Some people are natural-born leaders. When they speak, everyone listens. When they’re on a project, everything tends to get done well. When everyone else is satisfied with a 6 or 7 on the “push-o-meter”, they’re always taking their game to 11. When the rest of us may sense the need to finally see our kids, eat a meal, or even (heaven forbid) bathe, they’re back at it, grinding away into the next morning on their baby. If they even get sleep, they tuck themselves in at night beneath a warm blanket of pressure. They’re always looking to improve, always working hard, always responding to silly emails even on Sundays at 2:47 a.m.
It seems like this pace is just normal for them. They thrive off their thirst for perfection. They’re addicted to hustle. They have a superior work ethic, or perhaps, they’re one of the few who have turned a passion into their job so that it doesn’t really feel like work.
“It comes with the territory,” he might say to a friend.
She might think to herself, “That’s how I stay ahead of the other guy.”
“That’s just the way my life is always going to be as a business owner.”
Maybe. Maybe a good leader has these qualities and truly can’t ever escape all the work and the constant pressure. Maybe a good leader is always trying to be one step ahead of the pack. Maybe a good leader is always pushing hard so they can feel like they’re making a difference every single day. Maybe that’s a part of the equation. Maybe.
A really great leader, however, is one who can incorporate some chill time into his or her routine.
When leaders take the time to chill and do something that’s completely out of their normal routine, they’re allowing themselves to be inspired, even if it’s from unexpected sources. Chill time gives leaders a deeper well to draw from, especially when it’s rooted in new experiences. Leaders should make a habit out of deliberately derailing their routine. It keeps their minds fresh and their wits sharp. It jars their spirit and prevents their body from some serious stress-inflicted decay.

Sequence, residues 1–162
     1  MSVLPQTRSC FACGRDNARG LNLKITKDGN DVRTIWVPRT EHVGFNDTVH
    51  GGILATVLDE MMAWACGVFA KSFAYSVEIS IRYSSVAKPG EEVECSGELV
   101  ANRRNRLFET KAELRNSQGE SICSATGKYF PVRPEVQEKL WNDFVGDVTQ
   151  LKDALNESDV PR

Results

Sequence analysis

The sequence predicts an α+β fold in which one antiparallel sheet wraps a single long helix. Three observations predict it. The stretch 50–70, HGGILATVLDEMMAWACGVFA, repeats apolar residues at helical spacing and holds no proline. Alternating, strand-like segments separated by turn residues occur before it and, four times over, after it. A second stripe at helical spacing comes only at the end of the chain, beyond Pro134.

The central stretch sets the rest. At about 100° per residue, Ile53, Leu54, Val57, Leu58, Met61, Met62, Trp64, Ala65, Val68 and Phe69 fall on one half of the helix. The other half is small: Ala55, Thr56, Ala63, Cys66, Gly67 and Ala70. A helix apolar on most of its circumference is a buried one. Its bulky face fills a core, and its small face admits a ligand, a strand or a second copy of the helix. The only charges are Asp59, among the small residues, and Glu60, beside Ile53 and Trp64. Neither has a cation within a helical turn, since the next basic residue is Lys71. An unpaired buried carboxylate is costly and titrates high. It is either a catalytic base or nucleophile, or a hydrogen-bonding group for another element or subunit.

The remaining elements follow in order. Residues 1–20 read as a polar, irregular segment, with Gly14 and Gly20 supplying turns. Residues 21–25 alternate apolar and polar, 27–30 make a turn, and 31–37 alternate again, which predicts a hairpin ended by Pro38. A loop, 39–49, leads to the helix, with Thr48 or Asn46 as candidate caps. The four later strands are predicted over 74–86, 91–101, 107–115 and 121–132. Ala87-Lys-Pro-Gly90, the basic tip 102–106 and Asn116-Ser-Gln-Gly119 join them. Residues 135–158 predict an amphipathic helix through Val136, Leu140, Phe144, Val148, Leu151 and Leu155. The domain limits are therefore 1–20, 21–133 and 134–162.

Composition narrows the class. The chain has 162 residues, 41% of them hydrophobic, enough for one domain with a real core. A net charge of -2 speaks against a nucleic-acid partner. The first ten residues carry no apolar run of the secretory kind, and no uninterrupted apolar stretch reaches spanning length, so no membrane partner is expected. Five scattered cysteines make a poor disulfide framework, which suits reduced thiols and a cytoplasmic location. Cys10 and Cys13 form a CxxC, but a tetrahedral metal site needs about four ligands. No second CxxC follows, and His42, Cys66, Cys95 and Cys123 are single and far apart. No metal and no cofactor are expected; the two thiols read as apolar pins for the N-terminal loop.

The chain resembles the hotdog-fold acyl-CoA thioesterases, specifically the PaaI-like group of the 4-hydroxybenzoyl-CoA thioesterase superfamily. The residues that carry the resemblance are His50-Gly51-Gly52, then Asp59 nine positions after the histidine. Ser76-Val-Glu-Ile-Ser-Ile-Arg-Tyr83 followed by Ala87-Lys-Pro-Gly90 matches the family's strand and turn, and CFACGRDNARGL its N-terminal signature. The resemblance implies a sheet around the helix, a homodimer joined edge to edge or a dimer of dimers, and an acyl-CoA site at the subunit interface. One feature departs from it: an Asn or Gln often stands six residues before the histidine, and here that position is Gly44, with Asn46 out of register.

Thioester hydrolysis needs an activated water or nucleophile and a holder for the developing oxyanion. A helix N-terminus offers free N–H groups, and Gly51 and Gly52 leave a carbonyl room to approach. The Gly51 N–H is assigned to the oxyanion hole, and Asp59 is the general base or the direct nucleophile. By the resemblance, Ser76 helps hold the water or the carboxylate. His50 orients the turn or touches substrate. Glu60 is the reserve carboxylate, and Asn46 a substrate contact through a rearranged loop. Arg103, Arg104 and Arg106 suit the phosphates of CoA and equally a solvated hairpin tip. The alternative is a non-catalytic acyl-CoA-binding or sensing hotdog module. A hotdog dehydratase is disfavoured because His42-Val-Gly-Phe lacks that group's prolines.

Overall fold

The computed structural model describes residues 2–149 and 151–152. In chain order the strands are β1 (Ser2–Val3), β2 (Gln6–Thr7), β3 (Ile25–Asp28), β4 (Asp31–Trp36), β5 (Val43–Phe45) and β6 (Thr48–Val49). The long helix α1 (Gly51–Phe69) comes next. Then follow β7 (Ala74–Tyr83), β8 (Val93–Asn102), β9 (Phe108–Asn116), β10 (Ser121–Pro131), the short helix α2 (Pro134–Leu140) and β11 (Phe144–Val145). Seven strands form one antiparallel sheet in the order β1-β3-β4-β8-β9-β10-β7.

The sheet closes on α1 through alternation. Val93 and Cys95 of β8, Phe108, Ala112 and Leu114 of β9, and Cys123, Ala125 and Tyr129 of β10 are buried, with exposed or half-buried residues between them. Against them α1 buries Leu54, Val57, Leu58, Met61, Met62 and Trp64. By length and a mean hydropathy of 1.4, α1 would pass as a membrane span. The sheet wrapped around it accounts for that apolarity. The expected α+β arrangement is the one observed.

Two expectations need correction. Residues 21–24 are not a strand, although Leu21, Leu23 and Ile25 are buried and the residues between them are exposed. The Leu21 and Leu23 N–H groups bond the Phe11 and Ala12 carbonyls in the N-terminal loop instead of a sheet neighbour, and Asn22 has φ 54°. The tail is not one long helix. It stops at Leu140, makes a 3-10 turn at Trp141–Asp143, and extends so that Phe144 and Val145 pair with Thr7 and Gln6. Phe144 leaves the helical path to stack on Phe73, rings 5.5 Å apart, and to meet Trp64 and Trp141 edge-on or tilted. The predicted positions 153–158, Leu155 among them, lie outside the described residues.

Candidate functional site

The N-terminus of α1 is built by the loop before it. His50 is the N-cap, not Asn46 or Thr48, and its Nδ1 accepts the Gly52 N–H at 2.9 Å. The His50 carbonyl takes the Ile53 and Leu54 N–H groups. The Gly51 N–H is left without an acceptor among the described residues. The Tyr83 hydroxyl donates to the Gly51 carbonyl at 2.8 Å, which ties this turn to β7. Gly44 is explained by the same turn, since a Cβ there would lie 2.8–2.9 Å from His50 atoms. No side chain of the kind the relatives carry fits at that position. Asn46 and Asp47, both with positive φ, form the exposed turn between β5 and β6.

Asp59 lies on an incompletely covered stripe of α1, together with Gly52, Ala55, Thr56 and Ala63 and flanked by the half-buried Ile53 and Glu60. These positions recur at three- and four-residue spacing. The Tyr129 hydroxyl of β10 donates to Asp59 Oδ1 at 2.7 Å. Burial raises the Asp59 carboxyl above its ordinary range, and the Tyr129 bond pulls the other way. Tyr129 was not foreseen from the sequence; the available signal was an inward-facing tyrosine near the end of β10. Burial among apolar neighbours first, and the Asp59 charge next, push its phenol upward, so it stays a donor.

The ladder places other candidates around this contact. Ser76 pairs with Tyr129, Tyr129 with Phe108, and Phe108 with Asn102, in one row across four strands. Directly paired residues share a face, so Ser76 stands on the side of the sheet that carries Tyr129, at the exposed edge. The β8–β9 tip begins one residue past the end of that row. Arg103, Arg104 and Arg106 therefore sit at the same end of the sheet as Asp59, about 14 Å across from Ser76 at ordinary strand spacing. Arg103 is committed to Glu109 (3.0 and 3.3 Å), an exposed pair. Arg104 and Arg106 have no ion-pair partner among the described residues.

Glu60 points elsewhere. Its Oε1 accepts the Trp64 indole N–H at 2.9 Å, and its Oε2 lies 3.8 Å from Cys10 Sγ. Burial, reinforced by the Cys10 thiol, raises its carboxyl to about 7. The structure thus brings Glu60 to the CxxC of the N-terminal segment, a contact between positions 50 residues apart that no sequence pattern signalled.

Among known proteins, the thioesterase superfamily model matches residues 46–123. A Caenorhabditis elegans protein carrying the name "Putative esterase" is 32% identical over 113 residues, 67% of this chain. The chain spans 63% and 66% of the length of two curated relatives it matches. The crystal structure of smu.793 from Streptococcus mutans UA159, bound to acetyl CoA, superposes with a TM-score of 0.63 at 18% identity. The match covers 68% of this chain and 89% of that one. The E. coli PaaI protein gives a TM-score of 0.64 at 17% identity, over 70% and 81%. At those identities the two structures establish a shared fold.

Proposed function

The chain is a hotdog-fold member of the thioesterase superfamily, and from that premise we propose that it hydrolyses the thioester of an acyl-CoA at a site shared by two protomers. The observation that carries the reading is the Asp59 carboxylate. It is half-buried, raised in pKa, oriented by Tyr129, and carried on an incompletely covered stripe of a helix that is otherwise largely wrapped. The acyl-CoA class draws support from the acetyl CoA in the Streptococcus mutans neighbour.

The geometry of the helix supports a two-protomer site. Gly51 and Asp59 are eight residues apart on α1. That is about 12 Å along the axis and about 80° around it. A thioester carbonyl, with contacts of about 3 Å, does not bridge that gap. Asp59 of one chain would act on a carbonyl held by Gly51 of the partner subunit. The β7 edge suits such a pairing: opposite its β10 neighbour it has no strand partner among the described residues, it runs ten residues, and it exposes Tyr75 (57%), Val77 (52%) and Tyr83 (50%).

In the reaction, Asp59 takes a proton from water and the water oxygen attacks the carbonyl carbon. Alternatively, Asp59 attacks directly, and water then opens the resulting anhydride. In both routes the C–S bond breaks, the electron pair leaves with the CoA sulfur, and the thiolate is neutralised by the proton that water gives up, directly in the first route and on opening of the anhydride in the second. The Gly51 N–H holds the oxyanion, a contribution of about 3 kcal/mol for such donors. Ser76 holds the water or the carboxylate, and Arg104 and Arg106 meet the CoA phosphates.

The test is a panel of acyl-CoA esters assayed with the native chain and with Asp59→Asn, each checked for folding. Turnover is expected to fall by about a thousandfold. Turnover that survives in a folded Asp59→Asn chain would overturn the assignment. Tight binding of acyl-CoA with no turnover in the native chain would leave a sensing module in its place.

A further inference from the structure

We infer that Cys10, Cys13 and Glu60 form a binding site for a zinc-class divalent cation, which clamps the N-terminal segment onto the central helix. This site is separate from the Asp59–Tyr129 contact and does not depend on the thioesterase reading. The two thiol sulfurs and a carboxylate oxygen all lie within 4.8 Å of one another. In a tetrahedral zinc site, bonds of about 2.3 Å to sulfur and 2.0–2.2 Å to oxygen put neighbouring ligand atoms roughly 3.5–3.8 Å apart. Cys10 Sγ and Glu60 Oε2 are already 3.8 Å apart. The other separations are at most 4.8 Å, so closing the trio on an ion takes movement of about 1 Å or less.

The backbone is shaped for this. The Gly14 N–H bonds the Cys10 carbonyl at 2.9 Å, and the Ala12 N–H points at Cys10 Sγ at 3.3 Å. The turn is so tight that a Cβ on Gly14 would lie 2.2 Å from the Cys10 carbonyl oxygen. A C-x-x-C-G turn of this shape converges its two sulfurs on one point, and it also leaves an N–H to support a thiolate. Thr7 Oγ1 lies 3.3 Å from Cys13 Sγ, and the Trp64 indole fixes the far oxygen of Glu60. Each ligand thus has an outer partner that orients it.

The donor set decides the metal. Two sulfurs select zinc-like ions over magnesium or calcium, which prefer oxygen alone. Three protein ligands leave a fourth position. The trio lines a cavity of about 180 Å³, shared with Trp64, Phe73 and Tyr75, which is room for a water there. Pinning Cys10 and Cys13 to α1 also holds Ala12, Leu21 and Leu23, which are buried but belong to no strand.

No, I’m not talking about a vacation. Vacations don’t really happen for these people. Trust me. They’ll find a way to work on their “vacations” because they don’t really enjoy vacations. That’s the problem – this isn’t something they’re necessarily “supposed to enjoy.”
Chill time is severely misunderstood. It’s not simply slacking off, resting, taking a break, or going out of town with the family. Chill time doesn’t mean being unproductive. Chill time doesn’t even mean you aren’t working. It just means you are deliberately taking the time to DO SOMETHING ELSE.
- Go to a hockey game.
- For once, read a book that has nothing to do with your business.
- Listen to Dvořák’s Slavonic Dances or Merzbow or some random Russian hip hop.
- Take your kids (or someone else’s) to fly a kite without any wind.
- Block out an entire Sunday to watch a bunch of movies you’ve never seen and don’t particularly want to…just because.
- Try some new food, even if you think you won’t like it.
Explore something uncomfortable!
- Go randomly tell someone you really respect and admire that you appreciate them.
- Have a conversation about politics with someone you know you disagree with.
- Confront your own emotions.
- Go look at old pictures or notes or high school yearbooks, and embrace all of those awful memories.
- Tell someone something you can’t stand about yourself.
- Talk about God.
Seems out of place — exactly. Seems kind of strange or unnecessary — yes and yes. Seems like of a “waste of time,” right? Far from it.
How do you chill?